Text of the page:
Local Clergymen Tell Arpaio: “We Don’t Want Your Protection”

The Reverend Reginald D. Walton addresses the crowd.
The Reverend Reginald D. Walton addresses the crowd.
Miriam Wasser

“Thanks, but no thanks” was the message a group of church leaders and community members had for Sheriff Joe Arpaio a day after he announced a plan to keep dozens of black churches safe across Phoenix with armed deputies and posse members. 

Arpaio stated his intention at a press conference on Friday, where he was joined by the Reverend Jarrett Maupin, pastor of Fellowship Baptist Church in South Phoenix and less-than-popular self-described civil rights figurehead/convicted liar.

Maupin had told Arpaio that in the wake of the deadly terrorist attack in Charleston, South Carolina, that left nine black men and women dead, he was worried about a copycat shooting in Phoenix. Arpaio agreed to provide extra protection outside churches on Sunday morning.

The Arpaio-Maupin announcement appalled many in the black community, and on Saturday morning they, along with supporters of all races and religions, gathered in Phillip’s Memorial Church to provide a formal response: a strong and loud “no” to the plan.

“How is it that one person has come to speak for all of us?” said the Reverend Reginald D. Walton about Maupin. “Does Reverend Maupin speak for you?” he asked the crowd.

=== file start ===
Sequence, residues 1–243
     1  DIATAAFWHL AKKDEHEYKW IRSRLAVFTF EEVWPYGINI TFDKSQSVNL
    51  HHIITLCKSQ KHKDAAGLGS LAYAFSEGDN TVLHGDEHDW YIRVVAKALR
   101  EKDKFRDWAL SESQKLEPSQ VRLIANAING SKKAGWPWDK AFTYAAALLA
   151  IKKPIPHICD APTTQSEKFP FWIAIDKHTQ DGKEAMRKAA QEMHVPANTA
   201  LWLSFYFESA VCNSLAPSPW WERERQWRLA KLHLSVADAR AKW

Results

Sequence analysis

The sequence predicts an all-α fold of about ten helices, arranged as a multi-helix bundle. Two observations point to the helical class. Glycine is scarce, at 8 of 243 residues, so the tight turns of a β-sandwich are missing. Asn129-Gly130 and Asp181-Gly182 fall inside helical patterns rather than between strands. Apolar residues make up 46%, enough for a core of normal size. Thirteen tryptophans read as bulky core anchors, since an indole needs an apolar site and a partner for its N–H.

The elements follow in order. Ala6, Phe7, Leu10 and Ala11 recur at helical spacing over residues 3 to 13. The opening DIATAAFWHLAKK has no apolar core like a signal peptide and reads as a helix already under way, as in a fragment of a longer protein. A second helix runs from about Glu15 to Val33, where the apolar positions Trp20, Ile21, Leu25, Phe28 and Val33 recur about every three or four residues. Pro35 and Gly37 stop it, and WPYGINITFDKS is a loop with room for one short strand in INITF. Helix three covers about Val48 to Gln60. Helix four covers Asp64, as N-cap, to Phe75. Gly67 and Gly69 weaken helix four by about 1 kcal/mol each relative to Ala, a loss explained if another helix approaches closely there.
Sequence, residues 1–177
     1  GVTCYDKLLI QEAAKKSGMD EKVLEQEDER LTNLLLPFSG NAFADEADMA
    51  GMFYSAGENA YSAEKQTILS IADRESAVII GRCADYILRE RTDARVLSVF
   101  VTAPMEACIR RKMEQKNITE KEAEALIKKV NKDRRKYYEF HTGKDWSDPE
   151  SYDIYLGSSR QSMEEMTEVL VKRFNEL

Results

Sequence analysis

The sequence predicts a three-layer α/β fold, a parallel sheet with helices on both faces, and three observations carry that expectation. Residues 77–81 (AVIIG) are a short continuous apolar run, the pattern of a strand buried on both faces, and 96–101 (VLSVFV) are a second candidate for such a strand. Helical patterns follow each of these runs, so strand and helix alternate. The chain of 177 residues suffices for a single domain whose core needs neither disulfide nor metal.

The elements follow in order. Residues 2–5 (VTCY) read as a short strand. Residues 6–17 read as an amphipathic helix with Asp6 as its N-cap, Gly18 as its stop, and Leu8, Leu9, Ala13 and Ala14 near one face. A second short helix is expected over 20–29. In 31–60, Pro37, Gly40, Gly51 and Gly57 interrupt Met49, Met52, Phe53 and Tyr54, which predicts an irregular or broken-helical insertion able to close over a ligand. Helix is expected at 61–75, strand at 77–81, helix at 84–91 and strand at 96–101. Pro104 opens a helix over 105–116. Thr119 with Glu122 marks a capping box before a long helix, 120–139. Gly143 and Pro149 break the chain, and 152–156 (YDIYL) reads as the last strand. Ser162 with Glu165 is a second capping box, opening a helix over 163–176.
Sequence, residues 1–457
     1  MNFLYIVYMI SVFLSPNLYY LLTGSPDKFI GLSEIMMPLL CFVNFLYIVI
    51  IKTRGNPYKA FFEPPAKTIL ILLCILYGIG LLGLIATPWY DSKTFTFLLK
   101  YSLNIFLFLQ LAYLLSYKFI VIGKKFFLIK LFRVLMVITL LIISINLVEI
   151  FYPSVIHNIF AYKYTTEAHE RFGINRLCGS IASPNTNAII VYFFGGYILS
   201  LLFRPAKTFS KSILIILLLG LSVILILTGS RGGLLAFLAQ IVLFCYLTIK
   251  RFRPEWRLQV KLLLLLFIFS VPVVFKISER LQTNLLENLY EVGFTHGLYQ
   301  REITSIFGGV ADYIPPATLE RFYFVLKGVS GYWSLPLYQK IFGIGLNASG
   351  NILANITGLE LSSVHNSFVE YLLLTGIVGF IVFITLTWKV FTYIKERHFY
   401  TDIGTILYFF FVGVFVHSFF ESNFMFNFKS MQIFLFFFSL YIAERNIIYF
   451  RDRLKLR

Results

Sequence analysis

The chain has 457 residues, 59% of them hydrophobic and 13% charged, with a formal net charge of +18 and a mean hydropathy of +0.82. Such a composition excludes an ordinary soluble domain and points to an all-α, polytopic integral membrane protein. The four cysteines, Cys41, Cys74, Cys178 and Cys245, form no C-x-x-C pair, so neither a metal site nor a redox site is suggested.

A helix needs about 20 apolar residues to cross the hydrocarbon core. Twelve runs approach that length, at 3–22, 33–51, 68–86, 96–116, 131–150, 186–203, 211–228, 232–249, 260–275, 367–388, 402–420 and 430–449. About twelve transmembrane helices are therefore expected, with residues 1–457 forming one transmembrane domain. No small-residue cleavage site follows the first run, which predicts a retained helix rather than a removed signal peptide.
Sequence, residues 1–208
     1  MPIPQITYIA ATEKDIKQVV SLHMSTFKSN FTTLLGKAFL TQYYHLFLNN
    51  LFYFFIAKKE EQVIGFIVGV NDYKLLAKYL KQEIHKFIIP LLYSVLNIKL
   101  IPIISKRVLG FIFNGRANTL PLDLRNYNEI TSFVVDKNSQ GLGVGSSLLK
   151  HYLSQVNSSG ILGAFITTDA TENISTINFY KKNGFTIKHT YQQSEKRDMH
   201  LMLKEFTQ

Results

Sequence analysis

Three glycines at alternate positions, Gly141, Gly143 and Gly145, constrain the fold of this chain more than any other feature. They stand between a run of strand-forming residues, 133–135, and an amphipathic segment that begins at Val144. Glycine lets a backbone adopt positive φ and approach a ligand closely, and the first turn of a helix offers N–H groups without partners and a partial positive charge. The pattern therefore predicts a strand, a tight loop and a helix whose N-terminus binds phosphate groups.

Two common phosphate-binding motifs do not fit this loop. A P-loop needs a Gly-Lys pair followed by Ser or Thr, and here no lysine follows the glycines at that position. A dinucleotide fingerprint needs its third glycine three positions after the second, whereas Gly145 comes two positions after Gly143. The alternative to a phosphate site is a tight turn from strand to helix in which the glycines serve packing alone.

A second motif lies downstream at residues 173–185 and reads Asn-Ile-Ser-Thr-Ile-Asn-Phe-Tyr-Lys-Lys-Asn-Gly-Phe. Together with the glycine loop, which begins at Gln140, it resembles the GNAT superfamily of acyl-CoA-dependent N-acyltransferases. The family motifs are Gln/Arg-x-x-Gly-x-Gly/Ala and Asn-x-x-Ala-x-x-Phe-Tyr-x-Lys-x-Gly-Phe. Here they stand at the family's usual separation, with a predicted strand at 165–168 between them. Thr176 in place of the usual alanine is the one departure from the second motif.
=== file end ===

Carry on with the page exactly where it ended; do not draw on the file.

“No!” many responded.

“Can you speak for yourself?”

“Yes!”

Speakers accused both Maupin and Arpaio of "exploiting the lives" of the nine victims “for 15 seconds on television,” and they expressed horror at the idea of having Arpaio — “a person who has a track record of racism and brutality” — be responsible for the safety of the black community. 

“It was with great shock that I saw Maupin asked Arpaio for protection,” said the Reverend Alfredo Gutierrez. “It was not only shocking, but in fact, shameful.”

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Time and time again, “Joe Arpaio has shown that he has not been there to protect us,” Pastor Warren Stewart told the crowd. He spoke about the positive working relationship he and others in the clergy have had with the Phoenix Police Department, and added that the black community of Phoenix refuses to be afraid, particularly in their houses of worship.

While openly criticizing Arpaio and Maupin’s church security plan, the speakers also made it clear that they didn’t want the two men to distract from the real issues at hand — “Sheriff Arpaio is not the primary problem. The primary problem is systemic racism,” said Dr. Charles Johnson of Victory Community Church. 

“It is my hope that we finally come to grips with the racial problem we have in this country, [a problem] we are so uncomfortable talking about, but it is a festering sore in the history of this great nation,” said Walton.

“Sheriff Arpaio, hear me well: Thank you, but no thank you,” he stated. “Reverend Maupin, hear me well: You do not speak for the minds and the hearts of all of Maricopa County.”

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